You want a nice, bright source that is cool enough not to damage film. I tried the (no longer available) Solux light, but although the color was accurate, it was too hot!
Most important is the QUALITY of the light, both for uniformity and for color reproduction. Color is not much of a concern with black-and-white negatives, but for color negatives (and slides), it is key. Diffusion needs to be completely uniform.
You want something with a very high CRI, or color rendering index. Especially important is good RED output that renders TCS09 accurately (see article linked below). Good candidates for this are usually LED light panels made for pro video and photography. If you use a variable color temperature source, you might want to experiment to find the color temperature that works best with the films you use.
There are 15 color test samples (TCS) used to evaluate CRI, and what you are looking for is light that renders as many of them accurately as possible. What is CRI? The ultimate guide to the Color Rendering Index | Waveform Lighting is a great read.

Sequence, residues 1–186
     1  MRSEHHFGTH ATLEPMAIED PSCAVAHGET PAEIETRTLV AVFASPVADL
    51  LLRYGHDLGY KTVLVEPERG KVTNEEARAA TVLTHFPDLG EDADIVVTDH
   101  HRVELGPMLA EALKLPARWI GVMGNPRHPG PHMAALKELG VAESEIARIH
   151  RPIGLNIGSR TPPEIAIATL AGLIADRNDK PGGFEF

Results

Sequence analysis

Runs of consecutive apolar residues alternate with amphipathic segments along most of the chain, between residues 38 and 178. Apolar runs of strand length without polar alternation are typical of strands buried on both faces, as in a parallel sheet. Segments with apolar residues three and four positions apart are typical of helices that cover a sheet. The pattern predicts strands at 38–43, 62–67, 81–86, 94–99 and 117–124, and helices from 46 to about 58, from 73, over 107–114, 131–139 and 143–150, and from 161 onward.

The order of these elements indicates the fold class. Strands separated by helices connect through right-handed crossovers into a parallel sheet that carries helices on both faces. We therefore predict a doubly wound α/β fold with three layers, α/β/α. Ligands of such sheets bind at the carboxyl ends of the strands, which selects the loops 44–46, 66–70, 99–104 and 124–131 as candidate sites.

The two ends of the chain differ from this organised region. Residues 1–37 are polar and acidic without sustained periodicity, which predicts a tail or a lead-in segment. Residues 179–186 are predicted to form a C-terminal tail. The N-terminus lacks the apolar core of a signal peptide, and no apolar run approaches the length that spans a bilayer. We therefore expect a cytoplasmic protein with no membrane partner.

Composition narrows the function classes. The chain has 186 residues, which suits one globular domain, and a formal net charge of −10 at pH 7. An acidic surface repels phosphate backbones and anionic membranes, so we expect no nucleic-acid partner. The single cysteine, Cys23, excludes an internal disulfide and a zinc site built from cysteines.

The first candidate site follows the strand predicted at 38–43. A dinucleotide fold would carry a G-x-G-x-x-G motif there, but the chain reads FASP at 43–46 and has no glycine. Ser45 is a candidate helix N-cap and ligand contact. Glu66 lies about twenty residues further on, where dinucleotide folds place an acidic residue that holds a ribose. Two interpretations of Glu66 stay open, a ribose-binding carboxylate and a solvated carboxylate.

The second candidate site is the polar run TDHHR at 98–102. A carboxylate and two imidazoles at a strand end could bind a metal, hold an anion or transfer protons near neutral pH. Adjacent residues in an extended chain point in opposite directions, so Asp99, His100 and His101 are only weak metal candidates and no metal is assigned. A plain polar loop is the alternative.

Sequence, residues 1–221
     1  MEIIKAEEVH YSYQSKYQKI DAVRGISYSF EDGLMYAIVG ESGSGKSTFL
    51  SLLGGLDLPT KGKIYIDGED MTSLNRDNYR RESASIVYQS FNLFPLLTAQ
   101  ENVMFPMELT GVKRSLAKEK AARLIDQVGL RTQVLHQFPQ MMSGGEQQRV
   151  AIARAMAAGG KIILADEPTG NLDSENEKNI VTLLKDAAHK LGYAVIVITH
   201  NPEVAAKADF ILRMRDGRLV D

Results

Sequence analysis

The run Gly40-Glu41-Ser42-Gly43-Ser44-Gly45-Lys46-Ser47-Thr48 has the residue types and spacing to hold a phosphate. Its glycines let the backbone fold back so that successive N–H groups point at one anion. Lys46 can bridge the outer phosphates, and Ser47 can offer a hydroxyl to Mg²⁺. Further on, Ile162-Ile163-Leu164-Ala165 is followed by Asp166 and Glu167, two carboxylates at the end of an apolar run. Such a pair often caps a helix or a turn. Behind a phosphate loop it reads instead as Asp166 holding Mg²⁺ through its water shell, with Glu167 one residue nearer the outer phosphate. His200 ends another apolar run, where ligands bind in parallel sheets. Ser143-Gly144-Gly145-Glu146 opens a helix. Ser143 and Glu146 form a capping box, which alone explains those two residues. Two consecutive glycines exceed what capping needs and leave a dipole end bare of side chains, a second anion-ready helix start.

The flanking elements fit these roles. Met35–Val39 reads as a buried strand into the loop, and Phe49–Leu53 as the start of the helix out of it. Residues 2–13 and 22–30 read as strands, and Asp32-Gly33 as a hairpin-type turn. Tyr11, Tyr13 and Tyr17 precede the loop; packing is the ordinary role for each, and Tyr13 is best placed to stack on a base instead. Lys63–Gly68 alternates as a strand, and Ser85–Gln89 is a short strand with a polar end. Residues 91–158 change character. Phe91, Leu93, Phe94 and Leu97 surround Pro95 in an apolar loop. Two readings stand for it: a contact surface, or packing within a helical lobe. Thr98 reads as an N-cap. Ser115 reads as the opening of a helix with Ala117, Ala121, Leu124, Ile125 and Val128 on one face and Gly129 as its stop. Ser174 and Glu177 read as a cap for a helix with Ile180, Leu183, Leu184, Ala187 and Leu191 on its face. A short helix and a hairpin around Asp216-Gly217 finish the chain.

I use a Viltrox L-116t light panel. It has a reasonably good CRI of 95+, and decent red output. I am getting exposures of 1/250 at f/5.6 at ISO 200 on my Micro 4/3 camera with 30mm f/2.8 macro lens. Depth of field at that aperture is like f/11 on a 60mm lens on full frame… but on Micro 4/3, it is only two stops down from wide open, and right in the sweet spot of the lens where there is maximum resolution and good correction of lens flaws. 1/250 helps eliminate camera shake, but I use my mirrorless camera’s electronic shutter, turn off all camera noises, and use a two-second delay on the shutter to give the whole rig a chance to settle before the exposure.
I’m using an Essential Film Holder most of the time, along with a copy stand to hold the camera. Everything is leveled before a capture session. The EFH has a built-in diffuser that works perfectly. The bare light panel is not uniform, as you can see the individual LEDs behind its minimal diffuser, so the Perspex sheet in the EFH takes care of that.
Mask all stray light so only light from the negative enters the lens. Be sure the lens is scrupulously clean on all surfaces, too. These measures are to avoid flare.